• Cyrus Cohen

eXistenZ, Videodrome, and the Panic of Penetration

[Editor’s Note: The following essay contains spoilers for both eXistenZ and Videodrome.]

David Cronenberg’s filmography operates within a multiplicity of genres, including but not limited to science fiction, horror, romance, action-thrillers, and historical fiction. Despite his frequent genre hybridity, his idiosyncratic use of body horror ties much of his filmography together. Two of his films, Videodrome and eXistenZ, specifically operate within the science-fiction genre and the cyborg cycle, yet subtly so. While many film-goers associate the aesthetics of the cyborg film with such mechanized and futuristic designs as those seen in RoboCop or The Terminator, Cronenberg’s cyborgs are more subversive in design. The MetaFlesh Game-Pods, UmbyCords and Bio-Ports in eXistenZ connect human video game players to the cybernetic world, facilitating a mechanization of the organic body. In Videodrome, Max Renn’s status as a cyborg is less obvious. After viewing a television series entitled Videodrome, he begins “hallucinating” that a long cavern has opened up in his abdomen. He places a pistol inside his body and, later, two men insert videocassette tapes into it that control his mind. The fusion of the artificial and the organic in Max’s body positions him firmly within the cyborg cycle even though he doesn’t visually align with conventions surrounding the cinematic cyborg. The mutability of the cinematic cyborg is one of the largest reasons why Sue Short rejected ascribing a generic framework to the cyborg film and instead refers to it as a cycle. Her book "Cyborg Cinema" is the leading scholarly work on the application of cyborgs within science-fiction filmmaking and she, in a chapter on postmodernism, discusses the apoliticization of the postmodern cyborg. I would argue that where other science fiction filmmakers working within the confines of postmodernism and the cyborg cycle avoid political analysis, Cronenberg embraces it through his use of highly gendered and inherently transgressive body horror to critique and question issues such as excessive violence in media, societal overstimulation, and sexism.

While eXistenZ lacks the bodily distortion and gore that are popular in many of Cronenberg’s other films, including Videodrome, the machines that connect its human characters to cyberspace heavily embody this grotesqueness and extend body horror to non-human entities as well. The film introduces us to Allegra Geller (Jennifer Jason Leigh), a game designer, and Ted Pikul (Jude Law), a marketing trainee turned bodyguard, escaping her most recent product unveiling after an assassination attempt. In order to guarantee that her new game, entitled eXistenZ, wasn’t damaged in the shooting, she and Pikul must play it. The narrative continues as Allegra and Ted play the game, coming into contact with futuristic and horrific video game consoles as well as a group of anti-game activists referred to as “realists” who try to stop them. In one scene early on in the film, they visit Allegra’s friend and co-worker at Antenna Research—the company behind eXistenZ—named Kiri Vinokur (Ian Holm). There they find safety and someone who can repair Allegra’s damaged Game-Pod. The scene showing Vinokur fixing the machine more closely resembles depictions of surgery in medical dramas than a technological repair. Pikul even says, “Looks like an animal in there. Feels like you’re operating on someone’s pet dog," while the dissection proceeds. Vinokur reveals that the game pods are actually animalistic in both design and genesis. Having been grown from amphibian eggs and synthetic DNA, this human-machine interface is much more human than machine. The operation scene closely parallels a later moment in which Pikul butchers a frog, pulling out its organs in a strikingly similar manner to Kiri removing the damaged components of Allegra’s Game-Pod (the repair of the Game-Pod is actually even bloodier and more stomach-churning than the frog dissection).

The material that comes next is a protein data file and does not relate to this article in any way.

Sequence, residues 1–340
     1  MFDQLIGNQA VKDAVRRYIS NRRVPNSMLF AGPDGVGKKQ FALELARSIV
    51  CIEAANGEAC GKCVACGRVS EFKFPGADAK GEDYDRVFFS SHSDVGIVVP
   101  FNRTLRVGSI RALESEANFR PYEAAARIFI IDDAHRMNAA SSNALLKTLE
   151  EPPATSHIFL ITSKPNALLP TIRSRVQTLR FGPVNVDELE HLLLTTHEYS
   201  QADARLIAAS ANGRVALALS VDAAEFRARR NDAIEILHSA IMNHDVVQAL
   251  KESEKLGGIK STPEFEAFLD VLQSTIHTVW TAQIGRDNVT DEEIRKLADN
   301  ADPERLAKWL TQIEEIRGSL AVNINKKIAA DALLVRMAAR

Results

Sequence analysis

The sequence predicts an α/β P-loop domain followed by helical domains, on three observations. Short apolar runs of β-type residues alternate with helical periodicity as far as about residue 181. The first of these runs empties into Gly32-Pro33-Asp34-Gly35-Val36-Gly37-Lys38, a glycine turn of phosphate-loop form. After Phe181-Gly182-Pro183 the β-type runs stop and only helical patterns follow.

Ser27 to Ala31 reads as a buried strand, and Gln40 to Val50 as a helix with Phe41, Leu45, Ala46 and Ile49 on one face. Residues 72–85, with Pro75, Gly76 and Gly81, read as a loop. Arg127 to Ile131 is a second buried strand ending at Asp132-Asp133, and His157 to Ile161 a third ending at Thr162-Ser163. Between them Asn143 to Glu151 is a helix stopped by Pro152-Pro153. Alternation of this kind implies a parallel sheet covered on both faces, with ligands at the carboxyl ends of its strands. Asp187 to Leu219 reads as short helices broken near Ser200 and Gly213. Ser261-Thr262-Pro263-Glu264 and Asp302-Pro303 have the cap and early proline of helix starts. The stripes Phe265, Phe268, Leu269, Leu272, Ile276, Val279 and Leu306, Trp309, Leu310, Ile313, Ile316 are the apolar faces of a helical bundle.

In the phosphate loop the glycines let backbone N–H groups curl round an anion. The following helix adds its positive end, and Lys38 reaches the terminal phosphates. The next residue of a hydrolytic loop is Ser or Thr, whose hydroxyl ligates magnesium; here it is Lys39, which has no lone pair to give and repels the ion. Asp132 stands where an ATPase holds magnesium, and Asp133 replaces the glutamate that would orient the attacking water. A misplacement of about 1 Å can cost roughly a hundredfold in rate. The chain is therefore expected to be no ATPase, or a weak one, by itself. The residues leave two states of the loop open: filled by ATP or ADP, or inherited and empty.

Later in the film, Allegra Geller has an uncontrollable urge to port into a shriveled, diseased pod despite the obvious risks. She immediately begins feeling ill and Pikul decides to cut the UmbyCord, hoping that will cure her. Allegra’s blood flows rapidly out of the cord like a severed artery while Yevgeny Nourish, a double agent working with Antenna Research’s main competitor, burns the diseased pod with a flamethrower and releases deadly purple spores from it into the air. The many concurrent images of violence and bodily repulsion make the scene physically uncomfortable for an audience, regardless of how squeamish they usually may be. Upon returning to what they believe is the real world, Allegra notices that her pod has gotten diseased due to Pikul’s infected bio-port. The diseased Game-Pod appears identical to the one seen earlier, but in this scene the audio plays a greater role in expressing its grotesque discomfort, repulsing and physically disturbing Cronenberg’s spectators. Cronenberg utilizes a multiplicity of cinematic sensory stimuli—visual, auditory, tactile—to instill a sense of anxiousness, bodily discomfort, and horror in his audience.

Videodrome, on the other hand, chronicles the deterioration of Max Renn (James Woods) from exploitative and misogynistic businessman to monster. After watching a TV channel called Videodrome, he begins visualizing the distortion of his body and the objects around him. The most reoccurring example of this is a cavernous opening that emerges from Max’s abdomen. Somewhat vaginal in design, this hole is used by a group called Spectacular Optical to brainwash Max into furthering their interests and assassinating his co-workers. In one of the earliest scenes in the film, Max is asked in an interview why his TV Station, CIVIC-TV, promotes “soft-core pornography [and] hard-core violence.” He responds saying that he cares about these issues, so much in fact that he gives his viewers “a harmless outlet for their fantasies and their frustrations” and that “as far as [he’s] concerned that’s a socially positive act.” Nicki Brand (Debbie Harry), a fellow commentator, rebukes his statement saying that “we live in over-stimulated times. We crave stimulation for its own sake. We gorge ourselves on it. We always want more whether it’s tactile, emotional or sexual. And I think that’s bad.”